In the 1950s the Northwestern Auto Parts Company became a publicly traded stock company and changed its name to NAPCO Industries, reflecting it's change of focus from wholesale supplier to manufacturer. In addition to manufacturing, the company began a program in earnest of tracking the availability of blue prints and vendors and prices of all the equipment requested by its world wide customers. That computerized system has evolved to become today's model for the industry. The company also adopted the quality standards required of manufacturers serving the US Defense Department.
The date that NAPCO started to produce 4x4 conversion units is a little foggy. I have heard stories of GM trucks being converted as early as late 1949, but the earliest documentable truck that I have ever heard of is a 1951 Chevy 3/4 ton owned by Butch Gehrig of Odell, OR. Until October 28th of 1954, when Chevrolet introduced the '55 1st Series, all the conversions were done on 3/4 ton and larger trucks. The '54 and earlier Advance Design 1/2 ton models were not suitable for a NAPCO conversion due to the enclosed drive shaft design. GMC and Chevrolet conversions were by far the most popular, though conversions were available for Ford, Studebaker and other manufacturers.
Though the date of the first NAPCO 4x4 conversion is unknown, we do know that in July and August of 1954, NAPCO was very busy pushing its proven 4x4 conversion on truck upfitters and GMC dealers across the country. Upfitters were companies that installed upgrades and accessories like winches, auxiliary transmissions, tandem drive axles, dump bodies and hydrovac systems on stock factory trucks. The NAPCO slogan proudly stated: "Now you can have a standard Chevrolet four wheel drive pickup featuring the traction power of a tank, or, at the flip of a finger, a smoother riding, high speed, over the road truck. Aptly named the Mountain Goat, this full sized pickup will literally leap up mountains, as well as carry you through deep mud, sand, or snow."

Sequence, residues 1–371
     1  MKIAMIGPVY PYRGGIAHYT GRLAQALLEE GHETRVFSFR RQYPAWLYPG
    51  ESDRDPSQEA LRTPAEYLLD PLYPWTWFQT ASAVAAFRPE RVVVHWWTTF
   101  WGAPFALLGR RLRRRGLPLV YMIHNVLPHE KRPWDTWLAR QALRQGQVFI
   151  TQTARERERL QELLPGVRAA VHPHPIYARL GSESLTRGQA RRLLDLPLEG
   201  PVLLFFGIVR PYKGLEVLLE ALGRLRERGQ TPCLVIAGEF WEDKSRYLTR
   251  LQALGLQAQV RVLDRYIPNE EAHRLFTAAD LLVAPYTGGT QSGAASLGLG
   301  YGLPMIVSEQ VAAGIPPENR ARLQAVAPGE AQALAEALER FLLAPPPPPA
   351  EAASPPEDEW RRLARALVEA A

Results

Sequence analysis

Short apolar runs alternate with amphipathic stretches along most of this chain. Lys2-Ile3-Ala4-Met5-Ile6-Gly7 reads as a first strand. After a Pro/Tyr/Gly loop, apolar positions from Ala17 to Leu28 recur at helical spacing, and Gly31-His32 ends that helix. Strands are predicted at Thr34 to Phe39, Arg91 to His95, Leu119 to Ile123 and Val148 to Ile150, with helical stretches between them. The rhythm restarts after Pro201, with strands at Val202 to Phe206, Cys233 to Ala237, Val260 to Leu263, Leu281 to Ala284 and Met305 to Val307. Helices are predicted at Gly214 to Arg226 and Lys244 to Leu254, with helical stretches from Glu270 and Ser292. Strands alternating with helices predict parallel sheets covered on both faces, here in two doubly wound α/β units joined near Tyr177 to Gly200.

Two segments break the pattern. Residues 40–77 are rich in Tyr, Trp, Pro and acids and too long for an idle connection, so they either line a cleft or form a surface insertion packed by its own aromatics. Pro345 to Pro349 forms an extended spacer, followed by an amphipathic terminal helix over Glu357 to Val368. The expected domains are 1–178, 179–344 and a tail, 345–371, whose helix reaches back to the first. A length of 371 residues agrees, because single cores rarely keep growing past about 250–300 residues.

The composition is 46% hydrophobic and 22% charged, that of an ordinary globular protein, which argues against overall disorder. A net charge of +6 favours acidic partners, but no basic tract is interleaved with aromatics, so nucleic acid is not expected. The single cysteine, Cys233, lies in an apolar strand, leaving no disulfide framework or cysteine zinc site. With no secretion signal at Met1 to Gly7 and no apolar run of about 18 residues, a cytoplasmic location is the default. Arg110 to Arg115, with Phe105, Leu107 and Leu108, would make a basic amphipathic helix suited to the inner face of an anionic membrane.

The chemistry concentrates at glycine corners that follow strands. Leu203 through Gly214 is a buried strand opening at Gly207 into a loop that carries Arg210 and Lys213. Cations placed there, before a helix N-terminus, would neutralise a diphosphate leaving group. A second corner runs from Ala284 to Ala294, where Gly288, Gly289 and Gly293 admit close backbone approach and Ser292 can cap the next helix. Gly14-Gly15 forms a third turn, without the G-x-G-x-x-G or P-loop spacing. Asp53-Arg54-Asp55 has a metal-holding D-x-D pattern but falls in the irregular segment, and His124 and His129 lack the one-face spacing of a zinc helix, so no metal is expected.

Apparently NAPCO reached an agreement with both GMC and Chevrolet to supply them with the Powr-Pak conversion kits, and GMC began to produce 4x4 trucks on the factory assembly line (using NAPCO components) starting in 1956, with Chevrolet following suite in 1957. By the end of 1957 both GMC and Chevrolet trucks could be ordered from the factory with the NAPCO Powr-Pak conversion. The two offered identical systems other than the availability of a V-8 and an automatic transmission on the GMC trucks. The Chevy could only be ordered with the 235ci six cylinder and a four speed manual (although there was nothing stopping an owner from ordering whatever he or she wanted in a 2 wheel drive truck and then having a NAPCO Powr-Pak "upfitted" by the dealer).
Some features of this early "shift-on-the-fly" 4x4 were the unchanged turning radius, a full engine torque P.T.O. option, a rubber mounted transfer case for long, silent operation, greater ease of steering, and a guarantee of no damage to the Chevrolet or GMC frame during the three hour installation. Yes, only four holes to drill and no torch cutting! In a matter of hours, you could go from a two wheel drive to four wheel drive and the NAPCO Powr-Pak could be transferred from one GM truck to another.
If a dealer had a truck in stock that he wanted to convert to four wheel drive by using the NAPCO Powr-Pak, he could order the Powr-Pak four wheel drive package. Soon, a wooden crate, 80 inches long, 30 inches wide and 26 inches deep would show up on his loading dock weighing in at 1,410 lbs. with all the necessary parts enclosed. It also gave truck owners and dealers the distinct advantage of quickly removing the conversion package and transferring it to another truck, without damaging the originality or resale value of either vehicle (except for the four bolt holes in the frame.)